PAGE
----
LAS VEGAS-Social media is seen by credit unions as a quick and inexpensive marketing channel. But the rush to launch that channel has led many CUs to overlook the legal ramifications that accompany a Twitter feed or a Facebook page.

That was the message from Kris Kully, counsel with Washington, D.C.-based law firm K&L Gates, who told American Credit Union Mortgage Association meeting attendees here that social networks and blogs reach nearly 80% of U.S. Internet users. "Some people spend more time on social networking or blog sites than e-mail," Kully said.

Two key characteristics of social media trigger the majority of the legal concerns, Kully said: first, there typically is interactive dialogue that is accessible to third-party observers, and second, users/consumers may actively create content.

"Social media is very dynamic-it changes all the time," said Kully. "The most commonly used social media outlets in the financial services industry are LinkedIn, YouTube, Facebook and Twitter."

As America becomes increasingly connected, mobile usage of social media is increasing-up 47% from last year, and mobile usage by people 55-plus years old has doubled.


Who Is Speaking For CU?

An important point, Kully stressed, is thinking through not only how a CU is presenting itself on social media, but also how individuals are speaking on behalf of the CU.

Kully detailed a number of common questions for CUs to consider as part of an overall social media strategy: What is the target audience? What are the associated benefits and risks? What regulations are involved, such as advertising or recordkeeping requirements? What type of pre-approval, supervision and monitoring of content should be required? Who can represent the company? Should it allow third-party postings? What are the risks of third-party content being attributed to the company?

As for the legal framework and regulatory guidance, Kully noted the Truth In Lending Act governs advertising rules, while the FTC Act and UDAAP regulate deceptive advertising, including use of endorsements and testimonials in advertising. In addition, there are "too many state requirements to list."

But it's the new sheriff in town that has everyone's attention.. "The Consumer Financial Protection Bureau has regulatory authority over financial institutions and is setting the standard on advertising and marketing activities," she said. "No one knows how far this is going to go."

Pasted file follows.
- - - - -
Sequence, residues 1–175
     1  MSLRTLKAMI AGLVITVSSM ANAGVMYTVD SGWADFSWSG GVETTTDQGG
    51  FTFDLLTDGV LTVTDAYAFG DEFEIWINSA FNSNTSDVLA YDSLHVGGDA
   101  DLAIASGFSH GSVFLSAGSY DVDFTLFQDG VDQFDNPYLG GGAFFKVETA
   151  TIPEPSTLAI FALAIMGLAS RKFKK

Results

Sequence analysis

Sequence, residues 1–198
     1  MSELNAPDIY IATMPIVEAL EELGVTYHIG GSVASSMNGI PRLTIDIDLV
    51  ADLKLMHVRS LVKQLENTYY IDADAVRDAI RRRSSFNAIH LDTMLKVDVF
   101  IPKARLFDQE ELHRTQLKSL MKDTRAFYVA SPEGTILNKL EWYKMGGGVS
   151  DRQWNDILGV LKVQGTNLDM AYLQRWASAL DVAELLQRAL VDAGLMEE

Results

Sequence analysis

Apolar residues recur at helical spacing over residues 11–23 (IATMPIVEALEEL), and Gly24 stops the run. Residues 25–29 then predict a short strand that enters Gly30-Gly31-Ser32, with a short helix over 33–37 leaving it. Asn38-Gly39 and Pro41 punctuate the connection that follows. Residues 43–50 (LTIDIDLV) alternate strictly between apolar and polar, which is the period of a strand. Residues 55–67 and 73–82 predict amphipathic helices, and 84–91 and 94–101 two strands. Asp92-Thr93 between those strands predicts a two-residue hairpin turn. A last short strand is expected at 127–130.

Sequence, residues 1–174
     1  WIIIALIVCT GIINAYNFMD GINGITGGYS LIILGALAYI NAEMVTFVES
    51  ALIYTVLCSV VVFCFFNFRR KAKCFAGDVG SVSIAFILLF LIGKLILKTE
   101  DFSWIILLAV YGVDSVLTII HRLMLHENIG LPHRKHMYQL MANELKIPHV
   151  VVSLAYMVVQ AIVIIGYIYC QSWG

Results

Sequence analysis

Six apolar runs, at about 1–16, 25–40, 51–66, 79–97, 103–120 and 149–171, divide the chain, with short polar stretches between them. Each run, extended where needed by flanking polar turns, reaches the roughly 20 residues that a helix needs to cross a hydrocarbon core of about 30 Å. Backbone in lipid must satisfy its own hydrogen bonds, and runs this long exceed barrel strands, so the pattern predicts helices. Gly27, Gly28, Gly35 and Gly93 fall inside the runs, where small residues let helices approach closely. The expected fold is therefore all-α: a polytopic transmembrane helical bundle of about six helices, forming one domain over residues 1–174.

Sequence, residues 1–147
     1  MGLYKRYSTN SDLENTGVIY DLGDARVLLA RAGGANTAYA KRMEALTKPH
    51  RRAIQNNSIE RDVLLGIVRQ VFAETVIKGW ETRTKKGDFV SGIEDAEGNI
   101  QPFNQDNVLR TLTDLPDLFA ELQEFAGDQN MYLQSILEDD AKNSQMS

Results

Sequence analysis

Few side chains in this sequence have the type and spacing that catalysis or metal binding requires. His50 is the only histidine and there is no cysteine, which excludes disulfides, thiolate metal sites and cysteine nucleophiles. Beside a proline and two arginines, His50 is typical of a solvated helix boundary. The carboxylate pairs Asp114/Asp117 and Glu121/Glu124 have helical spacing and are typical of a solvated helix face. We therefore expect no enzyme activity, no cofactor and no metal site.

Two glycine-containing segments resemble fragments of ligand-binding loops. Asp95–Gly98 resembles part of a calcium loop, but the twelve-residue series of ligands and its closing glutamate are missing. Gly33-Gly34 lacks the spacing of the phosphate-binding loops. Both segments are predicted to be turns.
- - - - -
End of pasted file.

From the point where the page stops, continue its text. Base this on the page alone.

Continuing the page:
The risks can be obvious or hidden, Kully said. Something as seemingly benign as a contest on Facebook falls under the regulations governing lotteries and sweepstakes. And because of how quick and easy it is to post things online and the race to be "real time," a lot of stuff gets posted without going through the regular vetting process, she said.


Tweeter Beware

Among the legal tripwires to avoid: gambling restrictions affect contests, giveaways and raffles. If state law prohibits "games of chance," one option is to add a skill-based component, said Kully, such as "best" photo. Copyright infringements is another. Other elements to watch out for:

* Web page names and addresses must reflect content.

* Promotions cannot condition registration/entry upon taking an action, such as a Facebook "like."

* Monitor third-party posts and content, including employees.

* Third-party links may be seen as endorsements.


Privacy, Information Security Concerns

The Gramm-Leach-Bliley Act (Privacy Rule and Safeguards Rule), Fair Credit Reporting Act, state financial privacy requirements and state information security requirements all apply to social media. Kully said all FIs are responsible for protecting consumers' information.

"Watch for personal information being communicated on social media platforms, such as the existence of a financial relationship," she said. "Facebook can be used to promote a contest, but have another method for people to submit information if something might be personal."

CUs also must make sure their social media platforms are monitored by their IT department to detect security incidents.

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